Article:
AUKUS and its Implications
Written by Lucasta Bath, Editor-In-Chief, Libertas
On 15th September 2021, the new AUKUS defence pact was announced, sending shockwaves around the world. As well as the short-term diplomatic fallout, the pact will carry long lasting and highly significant regional and global consequences, which this article will seek to analyse.
What is AUKUS?
AUKUS is a tripartite defence and security agreement between the USA, the UK and Australia, announced in September 2021 after several months of covert negotiations. The pact covers a broad range of areas such as artificial intelligence, cyber warfare, underwater capabilities and long range strike capabilities, as well as nuclear defence infrastructure. The most immediately striking part of the pact is of course the agreement by the US and UK to provide Australia with the technology and assistance to develop and deploy nuclear powered submarines: this agreement led to the cancellation by Australia of a previous deal (worth around €56 billion) with France, a move which shocked and angered both French and European Union officials. The pact’s long-term significance however lies in the fact that it will heavily bolster the US military presence in the so-called Indo-Pacific region, as well as its potential to shape a new era of military and defence alliances among Western powers.
What is the Indo-Pacific region?
As is often the case in geopolitics, the term ‘Indo-Pacific region’ carries different connotations in different contexts. In its recent strategy document, the EU describes the region as including everything from the east coast of Africa to the Pacific Island states, including South Africa and Northeast Asia. For the US, the term implies a narrower focus on India, Australia and the Pacific Island states. Russia and China both reject the concept entirely, seeing it as an attempt to reframe the power dynamics in the region and thus check their territorial ambitions. Notwithstanding these semantic difficulties - or indeed, perhaps because of its flexibility, the term ‘Indo-Pacific’ has become increasingly widely used in diplomatic and political spheres, edging out the old designation of ‘Asia-Pacific’, a term which was criticised for its marginalisation of India.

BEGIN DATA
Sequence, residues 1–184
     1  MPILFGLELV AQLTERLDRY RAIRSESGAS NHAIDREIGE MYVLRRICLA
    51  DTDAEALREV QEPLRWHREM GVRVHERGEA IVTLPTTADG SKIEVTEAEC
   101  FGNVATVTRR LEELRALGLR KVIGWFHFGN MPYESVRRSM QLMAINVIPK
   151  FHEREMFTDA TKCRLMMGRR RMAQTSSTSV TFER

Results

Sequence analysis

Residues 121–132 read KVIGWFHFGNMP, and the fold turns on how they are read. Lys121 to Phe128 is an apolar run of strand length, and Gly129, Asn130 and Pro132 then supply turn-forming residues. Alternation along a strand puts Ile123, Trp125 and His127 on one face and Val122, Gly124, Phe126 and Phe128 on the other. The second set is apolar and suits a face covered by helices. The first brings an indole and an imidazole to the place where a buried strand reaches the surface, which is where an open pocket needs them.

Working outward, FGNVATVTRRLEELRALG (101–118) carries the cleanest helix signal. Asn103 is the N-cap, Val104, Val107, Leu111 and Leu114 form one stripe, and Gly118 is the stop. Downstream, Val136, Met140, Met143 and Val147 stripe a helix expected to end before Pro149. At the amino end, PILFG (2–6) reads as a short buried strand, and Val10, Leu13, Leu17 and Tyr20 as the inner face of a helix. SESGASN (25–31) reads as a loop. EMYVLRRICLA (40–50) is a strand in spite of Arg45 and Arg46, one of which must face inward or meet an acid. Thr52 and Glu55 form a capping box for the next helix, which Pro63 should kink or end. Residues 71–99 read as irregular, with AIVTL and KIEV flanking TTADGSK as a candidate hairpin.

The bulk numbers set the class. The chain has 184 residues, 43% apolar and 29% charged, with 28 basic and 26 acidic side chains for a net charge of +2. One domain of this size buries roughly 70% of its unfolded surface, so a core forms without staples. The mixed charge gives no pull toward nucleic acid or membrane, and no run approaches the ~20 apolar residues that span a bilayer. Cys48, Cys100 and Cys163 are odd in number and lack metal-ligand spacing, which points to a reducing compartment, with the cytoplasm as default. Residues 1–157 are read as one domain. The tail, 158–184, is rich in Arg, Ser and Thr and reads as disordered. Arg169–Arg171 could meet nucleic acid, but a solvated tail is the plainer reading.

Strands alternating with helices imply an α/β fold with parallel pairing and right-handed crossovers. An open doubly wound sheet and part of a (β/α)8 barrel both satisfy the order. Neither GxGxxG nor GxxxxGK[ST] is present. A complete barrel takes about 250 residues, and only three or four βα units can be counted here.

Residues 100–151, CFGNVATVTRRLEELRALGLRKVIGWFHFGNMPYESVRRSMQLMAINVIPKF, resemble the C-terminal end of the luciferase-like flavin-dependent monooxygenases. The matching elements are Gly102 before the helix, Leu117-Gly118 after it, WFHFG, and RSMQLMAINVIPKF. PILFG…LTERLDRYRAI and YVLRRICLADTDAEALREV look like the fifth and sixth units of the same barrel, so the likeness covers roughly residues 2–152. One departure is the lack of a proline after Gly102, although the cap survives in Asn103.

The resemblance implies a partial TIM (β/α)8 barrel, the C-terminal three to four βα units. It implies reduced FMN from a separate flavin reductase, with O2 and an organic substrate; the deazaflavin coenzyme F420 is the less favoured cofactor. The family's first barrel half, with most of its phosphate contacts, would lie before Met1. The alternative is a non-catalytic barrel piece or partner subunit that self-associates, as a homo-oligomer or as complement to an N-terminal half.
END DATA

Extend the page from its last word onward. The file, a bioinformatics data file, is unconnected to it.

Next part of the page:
By any definition, the region is of huge - and growing - strategic importance. The EU estimates that the Indo-Pacific is home to three-fifths of the global population, and produces around 60% of global GDP. It includes, by the EU’s definition, seven G20 members (Australia, China, India, Indonesia, Japan, the Republic of Korea and the Republic of South Africa) as well as the Association of Southeast Asian Nations (ASEAN), a highly influential economic union. Naturally, such a large area is significant for many reasons: it has vast trade and investment potential; it will play a pivotal role in combatting climate change; and its internal politics can be volatile and highly varied. Moreover, the region is rapidly becoming an arena in which the latest geopolitical power struggles are played out. The past decade has seen an increase in military spending by multiple Indo-Pacific economies, including China. Military skirmishes have broken out over contested territories and maritime zones, and displays of force have become commonplace. However, few things could have underlined the importance of the Indo-Pacific region as decisively as the announcement last week of the new AUKUS defence pact.